Nanophthalmos has a strong genetic basis, and autosomal dominant [3,4] and autosomal recessive [6] forms of inheritance have been reported. Mutations in the membrane-type frizzled-related protein (MFRP, OMIM 606227) have been detected in a large recessive nanophthalmos pedigree [7]. Similarly, a large autosomal dominant nanophthalmos pedigree was recently studied with linkage analysis, and a disease-causing gene was mapped to chromosome 17p12-q12 [8]. Subsequently, a mutation in the transmembrane protein 98 (TMEM98, OMIM 615949) gene was detected that is coinherited with nanophthalmos in this pedigree [4].

In this study, we describe two additional families with autosomal dominant inherited nanophthalmos, a Caucasian family of German heritage living in the United States and a Pacific Islander family of Micronesian heritage living in the Mariana Islands. We confirm the identification of TMEM98 as a gene for autosomal dominant nanophthalmos with the identification of novel disease-causing mutations in the coding sequence of the TMEM98 gene.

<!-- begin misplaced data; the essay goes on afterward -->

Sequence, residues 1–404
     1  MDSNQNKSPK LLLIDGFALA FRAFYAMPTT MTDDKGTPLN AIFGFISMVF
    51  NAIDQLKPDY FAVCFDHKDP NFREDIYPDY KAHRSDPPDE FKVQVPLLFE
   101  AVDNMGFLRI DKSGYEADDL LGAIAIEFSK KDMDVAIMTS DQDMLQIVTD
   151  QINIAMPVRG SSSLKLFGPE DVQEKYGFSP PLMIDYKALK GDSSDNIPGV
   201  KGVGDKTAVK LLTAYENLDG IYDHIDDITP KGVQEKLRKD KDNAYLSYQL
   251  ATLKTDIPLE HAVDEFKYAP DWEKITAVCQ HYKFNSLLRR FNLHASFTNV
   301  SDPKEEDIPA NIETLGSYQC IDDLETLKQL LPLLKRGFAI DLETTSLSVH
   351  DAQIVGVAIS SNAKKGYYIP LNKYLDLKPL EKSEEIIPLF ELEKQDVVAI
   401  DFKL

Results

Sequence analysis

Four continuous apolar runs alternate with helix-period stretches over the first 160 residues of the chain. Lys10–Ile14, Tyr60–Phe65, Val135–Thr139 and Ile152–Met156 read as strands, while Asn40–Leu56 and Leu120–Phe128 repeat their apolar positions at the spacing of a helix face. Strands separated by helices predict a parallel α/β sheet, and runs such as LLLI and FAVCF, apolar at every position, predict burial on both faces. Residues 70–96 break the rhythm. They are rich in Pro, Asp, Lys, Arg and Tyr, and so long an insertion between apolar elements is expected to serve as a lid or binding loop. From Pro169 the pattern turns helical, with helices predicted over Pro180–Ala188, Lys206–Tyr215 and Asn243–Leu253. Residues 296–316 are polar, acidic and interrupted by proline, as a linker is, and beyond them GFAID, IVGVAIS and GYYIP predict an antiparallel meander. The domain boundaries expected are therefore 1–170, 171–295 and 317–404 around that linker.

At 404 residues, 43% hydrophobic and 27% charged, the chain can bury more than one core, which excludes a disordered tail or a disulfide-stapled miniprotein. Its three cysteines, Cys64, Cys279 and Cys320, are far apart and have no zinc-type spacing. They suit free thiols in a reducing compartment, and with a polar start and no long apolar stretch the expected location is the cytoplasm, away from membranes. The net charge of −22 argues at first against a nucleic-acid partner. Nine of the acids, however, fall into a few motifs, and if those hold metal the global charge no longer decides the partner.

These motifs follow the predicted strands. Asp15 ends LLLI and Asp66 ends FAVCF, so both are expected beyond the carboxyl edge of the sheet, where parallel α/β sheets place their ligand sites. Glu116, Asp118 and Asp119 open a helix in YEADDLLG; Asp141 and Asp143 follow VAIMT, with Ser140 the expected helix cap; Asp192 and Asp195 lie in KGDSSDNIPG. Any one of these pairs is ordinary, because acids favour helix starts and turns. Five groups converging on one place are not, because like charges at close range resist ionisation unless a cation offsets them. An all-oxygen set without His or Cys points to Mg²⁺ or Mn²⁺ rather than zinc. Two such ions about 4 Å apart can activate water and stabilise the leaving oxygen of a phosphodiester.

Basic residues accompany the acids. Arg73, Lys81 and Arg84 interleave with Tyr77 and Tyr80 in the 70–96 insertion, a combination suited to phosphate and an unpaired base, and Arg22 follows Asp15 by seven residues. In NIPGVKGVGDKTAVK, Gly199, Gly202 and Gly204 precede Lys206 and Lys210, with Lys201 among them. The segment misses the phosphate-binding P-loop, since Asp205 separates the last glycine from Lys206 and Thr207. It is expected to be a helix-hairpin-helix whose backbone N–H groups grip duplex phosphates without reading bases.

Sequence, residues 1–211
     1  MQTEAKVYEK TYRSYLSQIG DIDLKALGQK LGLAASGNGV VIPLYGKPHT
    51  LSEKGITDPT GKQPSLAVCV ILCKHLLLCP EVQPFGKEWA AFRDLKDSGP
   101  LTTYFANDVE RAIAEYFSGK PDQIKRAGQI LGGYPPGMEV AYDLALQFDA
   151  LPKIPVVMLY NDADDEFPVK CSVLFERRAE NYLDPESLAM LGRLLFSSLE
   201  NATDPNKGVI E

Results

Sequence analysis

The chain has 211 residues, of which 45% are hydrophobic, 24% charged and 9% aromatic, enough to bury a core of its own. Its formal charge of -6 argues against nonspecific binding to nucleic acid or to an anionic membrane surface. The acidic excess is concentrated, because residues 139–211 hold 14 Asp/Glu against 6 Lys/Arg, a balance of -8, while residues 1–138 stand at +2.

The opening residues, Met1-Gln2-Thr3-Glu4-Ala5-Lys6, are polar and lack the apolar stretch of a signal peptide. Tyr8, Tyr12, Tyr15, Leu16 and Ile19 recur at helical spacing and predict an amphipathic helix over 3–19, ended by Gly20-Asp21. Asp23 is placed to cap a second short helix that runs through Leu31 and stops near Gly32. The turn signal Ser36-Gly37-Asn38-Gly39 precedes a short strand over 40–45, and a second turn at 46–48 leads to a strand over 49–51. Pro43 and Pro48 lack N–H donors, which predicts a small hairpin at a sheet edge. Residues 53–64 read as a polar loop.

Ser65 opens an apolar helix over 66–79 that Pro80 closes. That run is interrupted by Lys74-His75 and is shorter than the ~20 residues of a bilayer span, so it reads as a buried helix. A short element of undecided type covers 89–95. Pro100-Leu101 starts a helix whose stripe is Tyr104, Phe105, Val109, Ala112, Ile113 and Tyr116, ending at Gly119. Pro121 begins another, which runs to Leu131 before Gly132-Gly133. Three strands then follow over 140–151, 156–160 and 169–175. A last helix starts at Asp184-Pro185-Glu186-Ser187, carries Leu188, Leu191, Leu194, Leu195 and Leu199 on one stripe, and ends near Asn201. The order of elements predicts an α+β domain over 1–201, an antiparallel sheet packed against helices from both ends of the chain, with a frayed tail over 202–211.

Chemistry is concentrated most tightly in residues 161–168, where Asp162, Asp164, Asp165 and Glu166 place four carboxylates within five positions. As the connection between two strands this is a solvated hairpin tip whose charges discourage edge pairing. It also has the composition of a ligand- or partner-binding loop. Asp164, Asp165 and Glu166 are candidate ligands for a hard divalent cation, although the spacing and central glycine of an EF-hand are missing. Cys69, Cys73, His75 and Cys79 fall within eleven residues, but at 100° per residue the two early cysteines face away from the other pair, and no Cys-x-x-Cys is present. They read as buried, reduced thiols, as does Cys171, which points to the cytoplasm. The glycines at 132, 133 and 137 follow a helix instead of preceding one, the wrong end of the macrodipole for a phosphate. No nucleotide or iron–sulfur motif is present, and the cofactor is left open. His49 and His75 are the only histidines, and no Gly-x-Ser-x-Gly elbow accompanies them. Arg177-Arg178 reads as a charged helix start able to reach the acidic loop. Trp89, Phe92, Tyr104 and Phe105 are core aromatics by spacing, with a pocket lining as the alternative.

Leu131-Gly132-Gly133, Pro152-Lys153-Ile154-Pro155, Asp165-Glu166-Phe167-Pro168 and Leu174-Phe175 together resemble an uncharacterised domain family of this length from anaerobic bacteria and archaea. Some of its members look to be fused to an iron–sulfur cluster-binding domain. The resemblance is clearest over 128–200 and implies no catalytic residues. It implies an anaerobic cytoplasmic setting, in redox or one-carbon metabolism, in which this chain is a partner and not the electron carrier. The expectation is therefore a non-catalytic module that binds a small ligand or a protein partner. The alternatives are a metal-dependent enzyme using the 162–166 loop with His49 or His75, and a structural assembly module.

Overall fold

Patient resources

Research was approved by local Internal Review Boards and all patients provided written consent in advance of the study. The study design met the tenets of the Declaration of Helsinki and Association for Research in Vision and Ophthalmology guidelines. Participants were examined by an ophthalmologist and underwent an eye examination that included measurement of visual acuity, refractive error, and intraocular pressure as well as a slit-lamp examination of the anterior chamber and fundus examination. Axial eye length was measured in some patients with A-scan ultrasound (Alcon, Fort Worth, TX). Patients were diagnosed with nanophthalmos when short axial eye length (<20 mm) or significant hyperopia (spherical equivalent > +6.00) were observed in the absence of other ocular abnormalities. The control subjects showed no evidence of nanophthalmos. Some members of both pedigrees contributed DNA samples but were unavailable for examination, and medical records could not be obtained. These subjects are indicated on the pedigree drawing with stars (Figure 1), and their affection status was determined according to the family history report.